The German Finance Ministry urged Italian lenders to speed up a reduction of soured loans and make more progress in cutting risk, with the warning coming as the government in Berlin pushes for a merger of the country’s struggling banking titans. “The Italian banking sector has long been faced with various structural problems, including the high level of non-performing loans,” the ministry wrote in responses to lawmakers’ questions published by the Bundestag on Thursday.
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A once-lucrative business within Deutsche Bank AG catering to hedge funds is on its way to becoming yet another casualty of the German lender’s chronic turmoil, Bloomberg News reported. The German firm’s revenue from prime services declined for a third straight year in 2018, while rivals Morgan Stanley, Goldman Sachs Group Inc. and JPMorgan Chase & Co. all saw jumps, according to people with knowledge of the business.
Industrial production in the eurozone showed signs of stabilisation in January across sectors and in most countries, despite a contraction in Germany, the bloc’s biggest economy, the Financial Times reported. Output in the region rose 1.4 per cent from the previous month, rebounding from a decline of 0.9 per cent in December, better than a forecast from analysts in a Reuters poll of 1.0 per cent expansion, Eurostat figures revealed on Wednesday.
Mozambique is seeking the cancellation of government guarantees on debts run up by state-run security firm Proindicus which helped spark a debt crisis in the country, its prime minister was quoted as saying on Wednesday. Mozambique has a case in London's High Court against investment bank Credit Suisse and a number of other parties linked with the $2 billion (£1.5 billion) worth of loans, which have sparked investigations in the United States and Mozambique, the International New York Times reported on a Reuters story.
Standard Chartered Plc may wind up losing less on its biggest bad loan in India. Lenders to bankrupt Essar Steel India Ltd. will consider increasing a payout to Standard Chartered to expedite the sale of the troubled Indian mill to ArcelorMittal, according to people with knowledge of the matter, Bloomberg News reported. That could smooth over a sticking point in months of court battles as the world’s largest steelmaker tries to open shop in the South Asian nation. Standard Chartered has been seeking repayment on about 35.6 billion rupees ($513 million) of loans to Essar Steel.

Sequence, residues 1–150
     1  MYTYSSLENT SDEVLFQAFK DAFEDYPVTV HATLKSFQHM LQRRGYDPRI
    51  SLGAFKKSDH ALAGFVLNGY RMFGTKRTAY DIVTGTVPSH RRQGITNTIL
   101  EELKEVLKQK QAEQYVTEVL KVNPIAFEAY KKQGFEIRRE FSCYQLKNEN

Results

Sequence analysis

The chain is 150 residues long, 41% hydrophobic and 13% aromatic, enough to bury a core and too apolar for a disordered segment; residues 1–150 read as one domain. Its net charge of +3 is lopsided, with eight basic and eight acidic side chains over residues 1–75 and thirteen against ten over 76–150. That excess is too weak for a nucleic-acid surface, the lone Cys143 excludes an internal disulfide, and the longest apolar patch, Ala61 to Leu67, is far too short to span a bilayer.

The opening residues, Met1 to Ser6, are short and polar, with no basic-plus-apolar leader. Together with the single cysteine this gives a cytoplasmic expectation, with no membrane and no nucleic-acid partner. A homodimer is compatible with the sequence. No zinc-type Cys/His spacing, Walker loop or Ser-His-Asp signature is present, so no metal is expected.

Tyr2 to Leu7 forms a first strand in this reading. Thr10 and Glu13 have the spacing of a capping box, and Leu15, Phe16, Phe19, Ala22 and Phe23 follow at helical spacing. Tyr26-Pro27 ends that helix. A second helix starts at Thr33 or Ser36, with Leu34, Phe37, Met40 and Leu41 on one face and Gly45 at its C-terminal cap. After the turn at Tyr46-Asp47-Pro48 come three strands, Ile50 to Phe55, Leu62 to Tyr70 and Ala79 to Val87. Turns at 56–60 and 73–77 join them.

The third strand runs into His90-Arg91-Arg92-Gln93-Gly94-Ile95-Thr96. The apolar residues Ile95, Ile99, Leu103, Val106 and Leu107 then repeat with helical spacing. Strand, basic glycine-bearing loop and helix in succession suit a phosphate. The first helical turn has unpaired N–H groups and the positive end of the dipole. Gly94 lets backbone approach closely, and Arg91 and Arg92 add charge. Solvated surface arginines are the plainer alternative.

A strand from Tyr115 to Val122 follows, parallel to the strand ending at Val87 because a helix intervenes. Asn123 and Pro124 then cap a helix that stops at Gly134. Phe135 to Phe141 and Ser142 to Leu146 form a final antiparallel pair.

British baby products retailer Mothercare said on Tuesday it plans to sell its educational toy brand ELC to Teal Brands for £13.5 million (€15.75 million) as it looks to cut debt, sending its shares up 6 per cent, The Irish Times reported. The company’s sales and profit have been hammered by intense competition from supermarket groups and online retailers in its main British market as well as by rising costs. In addition to the sale of Early Learning Centre Ltd (ELC), it will also sell some related assets, Mothercare said. It will, however, retain some ELC inventory to sell later.
Seán Quinn’s five adult children unknowingly “put their heads in the noose” for a liability of more than €415 million – €83 million each – as a result of guarantees they signed concerning loans made by Anglo Irish Bank to Quinn companies, the High Court has been told, The Irish Times reported. Mr Quinn had gambled with his children’s property and future when companies in his group got €2.34 billion in loans from Anglo during 2007 and 2008 to fund margin calls on contracts for difference (CFD) positions held by Mr Quinn in the bank, Bernard Dunleavy SC said.
The High Court has granted summary judgment for €1.59 million against a daughter-in-law of well known developer Paddy Kelly over loans primarily related to the purchase of units in a commercial building in Sandyford, Dublin, The Irish Times reported. AIB sought judgment against Joanna Sloan, wife of Simon Kelly, son of Laois-born Paddy Kelly arising from loans advanced in 2007 for the purchase of units in Sandyford Apex Centre and for the release of equity in two of the units there.
Beleaguered rich-lister Eric Watson will likely remain embroiled in courts for years — and faces the possibility of a tax bill of $200m when penalties are added — after a landmark court decision yesterday saw his businesses ruled to have engaged in $51.5m in tax avoidance, The New Zealand Herald reported. Justice Matthew Palmer said a complex 2002 transaction — involving Cayman Island companies while Watson himself was relocating from New Zealand to the UK for tax purposes — was an avoidance arrangement. The case is one of the largest tax judgments in New Zealand history.